Congress Enacts Sweeping Reforms to Over-the-Counter Drug Regulation as Part of COVID-19 Response Bill
In addition to providing economic relief to individuals and entities affected by the COVID-19 pandemic, the CARES Act also overhauled the Food and Drug Administration’s (FDA) regulation of OTC drugs, representing the most meaningful reform to OTC drug regulation since 1972. Among other things, the CARES Act establishes a new streamlined process by which FDA will evaluate the safety and effectiveness of OTC drugs, clarifies the legal status of drugs reviewed under FDA’s historic OTC Drug Review process, and imposes user fees on entities that manufacture OTC drugs and entities that avail themselves of FDA’s new streamlined review process. We describe these changes below, but first briefly summarize the existing regulatory framework under which most OTC drugs are marketed today.
Background on FDA’s OTC Drug Review
In 1972, FDA established the OTC Drug Review to facilitate the agency’s evaluation of the safety and effectiveness of OTC drugs. Rather than approving individual drug products, as is typically is done for prescription drugs, through the OTC Drug Review, FDA developed standards for numerous therapeutic categories of OTC drugs (e.g., internal analgesics, topical antiseptics). These standards—called “monographs”—outline the conditions under which an OTC drug is generally recognized as safe and effective (GRASE) and may be marketed lawfully without an FDA-approved application. Among other things, monographs identify the active ingredient(s), strengths, and dosage forms that are permissible for a class of OTC drugs, and set forth specific labeling requirements (e.g., directions for use, warning statements).
The process for establishing a monograph under the OTC Drug Review was cumbersome and slow—proceeding through a multi-stage, notice-and-comment rulemaking process. Historically, the first stage included a review of ingredients in then-marketed OTC drug products by advisory panels to evaluate whether the ingredients were GRASE for use without a prescription. FDA published the panels’ conclusions in the Federal Register as proposed monographs in Advance Notices of Proposed Rulemaking (ANPRs). During the second stage, FDA would review public comments submitted in response to the ANPR, along with any new data or information available, then publish its conclusions in the Federal Register as a so-called Tentative Final Monograph (TFM) in a proposed rule. In the final stage, FDA would publish the final monograph in the Federal Register as a final rule, and codify the monograph in the Code of Federal Regulations (in 21 C.F.R. Part 330, et seq.). [NOTE: As noted below, despite starting the OTC Drug Review in 1972, FDA has not yet finalized a number of the monographs.]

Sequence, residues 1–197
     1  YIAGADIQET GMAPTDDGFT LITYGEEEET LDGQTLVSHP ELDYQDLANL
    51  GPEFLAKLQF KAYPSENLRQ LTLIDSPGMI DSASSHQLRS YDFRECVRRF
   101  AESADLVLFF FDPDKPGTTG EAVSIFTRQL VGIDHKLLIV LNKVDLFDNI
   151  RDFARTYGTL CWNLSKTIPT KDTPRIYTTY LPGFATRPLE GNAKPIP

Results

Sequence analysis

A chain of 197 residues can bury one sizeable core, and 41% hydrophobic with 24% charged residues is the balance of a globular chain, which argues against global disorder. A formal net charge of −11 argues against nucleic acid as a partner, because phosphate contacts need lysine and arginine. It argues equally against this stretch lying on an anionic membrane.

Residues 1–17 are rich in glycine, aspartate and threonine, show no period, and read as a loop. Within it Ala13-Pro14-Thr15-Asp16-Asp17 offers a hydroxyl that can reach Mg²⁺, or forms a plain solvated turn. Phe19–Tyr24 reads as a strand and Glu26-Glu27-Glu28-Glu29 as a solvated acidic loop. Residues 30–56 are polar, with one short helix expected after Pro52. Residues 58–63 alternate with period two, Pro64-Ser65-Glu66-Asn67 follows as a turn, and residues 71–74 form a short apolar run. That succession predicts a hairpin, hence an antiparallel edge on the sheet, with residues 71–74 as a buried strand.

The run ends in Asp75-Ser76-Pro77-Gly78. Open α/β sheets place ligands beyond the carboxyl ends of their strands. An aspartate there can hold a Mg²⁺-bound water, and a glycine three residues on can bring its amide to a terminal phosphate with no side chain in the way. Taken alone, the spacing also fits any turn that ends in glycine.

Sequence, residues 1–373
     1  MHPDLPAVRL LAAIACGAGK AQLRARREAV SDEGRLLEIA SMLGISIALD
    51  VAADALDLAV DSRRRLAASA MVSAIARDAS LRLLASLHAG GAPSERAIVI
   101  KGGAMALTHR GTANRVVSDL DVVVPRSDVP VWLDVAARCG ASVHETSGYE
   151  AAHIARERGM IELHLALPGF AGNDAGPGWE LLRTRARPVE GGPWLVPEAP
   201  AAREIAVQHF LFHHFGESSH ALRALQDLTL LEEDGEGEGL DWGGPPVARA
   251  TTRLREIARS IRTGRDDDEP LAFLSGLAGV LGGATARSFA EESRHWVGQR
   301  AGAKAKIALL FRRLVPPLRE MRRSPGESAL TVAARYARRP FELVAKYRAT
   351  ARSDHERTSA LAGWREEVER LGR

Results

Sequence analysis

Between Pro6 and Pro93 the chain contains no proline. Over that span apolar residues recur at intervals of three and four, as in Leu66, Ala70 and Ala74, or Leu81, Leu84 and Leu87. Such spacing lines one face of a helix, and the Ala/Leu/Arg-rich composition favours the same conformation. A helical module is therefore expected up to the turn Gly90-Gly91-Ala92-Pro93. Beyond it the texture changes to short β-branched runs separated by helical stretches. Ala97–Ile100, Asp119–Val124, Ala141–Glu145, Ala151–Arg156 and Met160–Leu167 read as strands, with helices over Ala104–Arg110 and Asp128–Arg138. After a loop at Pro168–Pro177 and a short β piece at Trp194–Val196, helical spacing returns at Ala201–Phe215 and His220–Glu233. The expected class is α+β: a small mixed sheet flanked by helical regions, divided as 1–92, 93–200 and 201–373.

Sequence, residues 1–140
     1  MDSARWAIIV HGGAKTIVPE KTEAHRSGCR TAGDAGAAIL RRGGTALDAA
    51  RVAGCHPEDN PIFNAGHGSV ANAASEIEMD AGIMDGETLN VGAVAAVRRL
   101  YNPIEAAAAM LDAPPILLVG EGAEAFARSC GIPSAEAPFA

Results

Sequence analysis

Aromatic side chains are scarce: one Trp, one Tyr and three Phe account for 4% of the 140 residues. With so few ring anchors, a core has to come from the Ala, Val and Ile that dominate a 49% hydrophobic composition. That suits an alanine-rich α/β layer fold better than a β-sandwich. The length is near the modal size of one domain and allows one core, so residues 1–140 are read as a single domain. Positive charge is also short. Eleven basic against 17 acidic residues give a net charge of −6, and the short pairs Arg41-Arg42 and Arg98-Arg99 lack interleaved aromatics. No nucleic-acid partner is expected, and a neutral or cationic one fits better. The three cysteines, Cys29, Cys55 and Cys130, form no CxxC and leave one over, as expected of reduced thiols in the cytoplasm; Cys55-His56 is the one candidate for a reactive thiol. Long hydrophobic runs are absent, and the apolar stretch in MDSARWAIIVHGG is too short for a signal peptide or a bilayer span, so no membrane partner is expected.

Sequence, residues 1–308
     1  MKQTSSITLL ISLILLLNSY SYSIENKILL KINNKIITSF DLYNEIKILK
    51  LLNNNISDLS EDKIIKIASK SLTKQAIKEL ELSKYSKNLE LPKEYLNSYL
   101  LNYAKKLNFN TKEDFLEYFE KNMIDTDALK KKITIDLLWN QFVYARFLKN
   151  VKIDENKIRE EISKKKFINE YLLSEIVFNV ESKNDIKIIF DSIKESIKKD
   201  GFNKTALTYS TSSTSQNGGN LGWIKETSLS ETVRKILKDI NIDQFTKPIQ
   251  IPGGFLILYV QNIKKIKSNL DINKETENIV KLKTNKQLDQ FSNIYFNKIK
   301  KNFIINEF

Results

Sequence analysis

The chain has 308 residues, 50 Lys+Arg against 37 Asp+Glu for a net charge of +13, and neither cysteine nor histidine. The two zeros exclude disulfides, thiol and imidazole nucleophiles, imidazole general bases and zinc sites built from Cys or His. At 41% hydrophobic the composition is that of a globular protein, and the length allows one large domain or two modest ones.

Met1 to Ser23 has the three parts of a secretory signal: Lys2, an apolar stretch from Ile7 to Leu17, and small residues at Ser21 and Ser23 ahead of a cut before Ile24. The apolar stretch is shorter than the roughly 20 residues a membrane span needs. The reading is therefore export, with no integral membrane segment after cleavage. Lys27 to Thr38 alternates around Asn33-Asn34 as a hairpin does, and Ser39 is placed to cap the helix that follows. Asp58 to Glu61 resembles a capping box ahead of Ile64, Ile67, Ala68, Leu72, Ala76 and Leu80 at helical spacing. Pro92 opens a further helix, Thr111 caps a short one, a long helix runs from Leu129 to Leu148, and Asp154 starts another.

As part of the OTC Drug Review, prior to issuing a final monograph, FDA classified active ingredients used in OTC drugs into one of three categories:
- Category I: active ingredients that are GRASE for the claimed therapeutic indication;
- Category II: active ingredients that are not GRASE or that have an unacceptable claimed therapeutic indication; or
- Category III: active ingredients for which there were insufficient data to permit final classification.
Once a final monograph is implemented, companies may lawfully make and market an OTC product without the need for FDA pre-approval, as long as the drug complies with the applicable monograph and other applicable FDA regulations. The final monograph includes only active ingredients that FDA has concluded are GRASE; all other active ingredients previously considered are deemed “non-monograph” and may not be included in an OTC drug absent FDA approval of a drug application. However, pending issuance of a final monograph, FDA has allowed companies to market products formulated with Category I or Category III active ingredients that meet the formulation and labeling requirements described in the relevant TFM until the particular monograph is finalized.
The lengthy rulemaking process required to finalize (or amend) OTC drug monographs has led to many monographs languishing in the proposed rule/TFM stage. It also has made it difficult to update monographs to reflect new data regarding safety or effectiveness, or to allow for the use of new, innovative ingredients or formulations.
CARES Act Reforms to the OTC Monograph System
According to FDA, the CARES Act “grants the FDA transformative, new authorities that will meaningfully advance [the agency’s] efforts to modernize the OTC drug development and review process…” Among other things, the law clarifies the regulatory status of currently marketed OTC monograph drugs, creates streamlined processes for establishing and revising OTC monographs, includes special provisions for sunscreen drugs, and imposes user fees on entities that manufacture OTC monograph drugs and entities that avail themselves of FDA’s new streamlined review process.
Regulatory Status of Existing OTC Drugs
- Drugs formulated with active ingredients that are included in a final monograph or that have been classified as Category I in a TFM are deemed GRASE and therefore are not “new drugs,” provided that they comply with the applicable monograph and FDA’s general rules governing OTC drugs. In other words, they can continue to be marketed without an FDA-approved drug application.